Your Mind

The Art of Keeping Your Mouth Shut

By January 11, 2016 0
SONY DSC
SONY DSC

Picture this:

It’s Christmas Eve, your entire family is gathered around the table enjoying a wonderfully prepared, home cooked meal, when completely out the blue, your beloved grandmother decides to voice her very conservative opinion on abortion. You’re furious, but before you open your mouth a verbally blow Grandmom’s brains out you consider your options.

You can:

A) Start a friendly but heated debate that is more then likely going to make Grandmom go off about the “old days” for the rest of dinner and thoroughly piss off the rest of your family or, B) Swallow your pride and let the comment go for the sake of Christmas dinner.

If you’re anything like me, it may be very hard for you not to choose option A, but in order to save dinner and not cause tension between family, B is the best option. Believe it or not, sometimes the smartest thing is to not say anything at all.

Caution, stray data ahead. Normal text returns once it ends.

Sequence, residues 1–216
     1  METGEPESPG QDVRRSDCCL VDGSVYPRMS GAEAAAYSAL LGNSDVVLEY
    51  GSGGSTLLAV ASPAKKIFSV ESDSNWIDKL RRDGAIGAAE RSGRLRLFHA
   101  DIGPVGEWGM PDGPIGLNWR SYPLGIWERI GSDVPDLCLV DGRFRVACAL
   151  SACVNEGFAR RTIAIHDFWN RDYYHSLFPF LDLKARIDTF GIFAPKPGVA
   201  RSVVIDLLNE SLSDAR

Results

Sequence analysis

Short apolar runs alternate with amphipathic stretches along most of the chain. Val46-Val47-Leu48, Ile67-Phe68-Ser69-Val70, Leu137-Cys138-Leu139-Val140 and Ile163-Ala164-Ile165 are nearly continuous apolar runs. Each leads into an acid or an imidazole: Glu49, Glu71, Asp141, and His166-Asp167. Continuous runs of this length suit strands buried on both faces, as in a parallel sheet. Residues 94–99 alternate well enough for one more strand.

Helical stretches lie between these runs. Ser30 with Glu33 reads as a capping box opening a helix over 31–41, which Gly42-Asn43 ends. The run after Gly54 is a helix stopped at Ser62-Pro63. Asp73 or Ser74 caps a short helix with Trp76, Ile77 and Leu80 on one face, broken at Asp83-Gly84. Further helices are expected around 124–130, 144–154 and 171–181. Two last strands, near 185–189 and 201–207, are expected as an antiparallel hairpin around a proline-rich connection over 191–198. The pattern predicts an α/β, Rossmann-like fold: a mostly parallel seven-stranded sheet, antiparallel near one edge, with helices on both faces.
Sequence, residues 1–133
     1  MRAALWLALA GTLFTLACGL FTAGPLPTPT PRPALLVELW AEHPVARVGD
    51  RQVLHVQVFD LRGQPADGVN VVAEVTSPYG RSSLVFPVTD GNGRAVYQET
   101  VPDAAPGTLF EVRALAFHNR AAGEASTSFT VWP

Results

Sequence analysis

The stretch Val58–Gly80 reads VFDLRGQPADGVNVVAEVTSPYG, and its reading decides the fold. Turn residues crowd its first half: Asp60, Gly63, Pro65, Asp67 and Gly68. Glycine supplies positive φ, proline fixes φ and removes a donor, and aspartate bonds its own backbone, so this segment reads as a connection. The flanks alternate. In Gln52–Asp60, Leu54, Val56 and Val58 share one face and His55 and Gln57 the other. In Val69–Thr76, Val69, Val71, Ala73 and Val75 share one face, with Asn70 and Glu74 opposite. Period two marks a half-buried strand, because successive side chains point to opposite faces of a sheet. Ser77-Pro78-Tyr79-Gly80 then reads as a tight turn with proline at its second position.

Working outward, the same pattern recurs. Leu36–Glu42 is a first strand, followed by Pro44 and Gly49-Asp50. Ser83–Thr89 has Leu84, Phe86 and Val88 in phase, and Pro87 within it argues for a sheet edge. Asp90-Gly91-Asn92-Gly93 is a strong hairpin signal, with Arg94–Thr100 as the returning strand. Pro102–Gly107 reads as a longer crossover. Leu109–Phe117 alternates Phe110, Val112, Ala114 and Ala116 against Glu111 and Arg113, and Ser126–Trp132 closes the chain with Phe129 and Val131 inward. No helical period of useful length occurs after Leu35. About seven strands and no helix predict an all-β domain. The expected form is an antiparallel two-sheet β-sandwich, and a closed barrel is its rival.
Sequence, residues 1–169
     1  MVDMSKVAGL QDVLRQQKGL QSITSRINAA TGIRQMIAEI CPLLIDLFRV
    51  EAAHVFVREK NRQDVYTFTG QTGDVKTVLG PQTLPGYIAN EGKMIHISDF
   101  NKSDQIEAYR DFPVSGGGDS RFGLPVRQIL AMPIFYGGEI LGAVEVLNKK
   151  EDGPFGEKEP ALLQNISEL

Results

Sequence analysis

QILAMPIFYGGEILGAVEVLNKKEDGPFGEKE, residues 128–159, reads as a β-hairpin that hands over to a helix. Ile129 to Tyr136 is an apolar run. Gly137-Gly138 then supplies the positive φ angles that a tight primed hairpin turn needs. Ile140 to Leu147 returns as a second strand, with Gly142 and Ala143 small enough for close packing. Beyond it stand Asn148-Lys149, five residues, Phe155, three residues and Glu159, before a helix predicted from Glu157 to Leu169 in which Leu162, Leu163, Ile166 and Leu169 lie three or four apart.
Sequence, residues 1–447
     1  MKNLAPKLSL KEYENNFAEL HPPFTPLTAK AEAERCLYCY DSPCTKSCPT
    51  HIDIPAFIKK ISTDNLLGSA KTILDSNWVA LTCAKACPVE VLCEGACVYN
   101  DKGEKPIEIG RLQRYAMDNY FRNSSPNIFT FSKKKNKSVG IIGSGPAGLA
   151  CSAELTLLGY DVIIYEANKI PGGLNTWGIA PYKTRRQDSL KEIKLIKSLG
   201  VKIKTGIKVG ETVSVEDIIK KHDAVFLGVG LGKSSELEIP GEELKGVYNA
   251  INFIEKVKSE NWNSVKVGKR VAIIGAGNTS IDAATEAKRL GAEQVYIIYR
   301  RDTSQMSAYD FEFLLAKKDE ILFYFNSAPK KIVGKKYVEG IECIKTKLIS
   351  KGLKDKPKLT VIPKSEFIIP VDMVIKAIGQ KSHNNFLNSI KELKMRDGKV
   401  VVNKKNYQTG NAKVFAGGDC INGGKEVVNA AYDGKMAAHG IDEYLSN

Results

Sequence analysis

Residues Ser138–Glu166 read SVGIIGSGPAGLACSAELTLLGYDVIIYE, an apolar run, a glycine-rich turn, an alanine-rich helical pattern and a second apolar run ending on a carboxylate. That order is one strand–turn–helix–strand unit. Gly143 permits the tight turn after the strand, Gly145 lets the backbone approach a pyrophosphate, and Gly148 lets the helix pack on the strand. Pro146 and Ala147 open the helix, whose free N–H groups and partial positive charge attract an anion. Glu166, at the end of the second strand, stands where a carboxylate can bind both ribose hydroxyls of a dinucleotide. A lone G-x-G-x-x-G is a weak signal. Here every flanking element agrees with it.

Last month, Zoë argued the importance of “speaking your mind” and “saying what you need to say.” I’m sorry to say it, Zo — but I strongly, strongly disagree.

There’s a time and a place for everything, and the key to being successful (no, that was not a DJ Kalhad reference) is knowing when it is appropriate to voice an opinion, drop the F bomb, or crack a racy joke.

I’ve found that when I choose to react impulsively and say the first thing that comes to my mind, it always make the already tense situation, worse.

I think if we were all a little quicker to listen and slower to speak, we’d all be better off. Being a good speaker is always viewed as impressive, but don’t we all appreciate that one friend who is an awesome listener? And honestly, can you even be a good speaker without being equally as good at listening? In order to answer a question completely, you have to listen carefully to the question first.

If what you’re about to say is going to make you look stupid, ignorant, rude or all of the above, just don’t say. It’s simple, really.

Language is an awesome thing, but don’t use it to belittle yourself or someone else. Choose your words wisely and remember what we all learned in Pre-School; if you don’t have something nice, (or intelligent or appropriate) to say, don’t say it at all.

 

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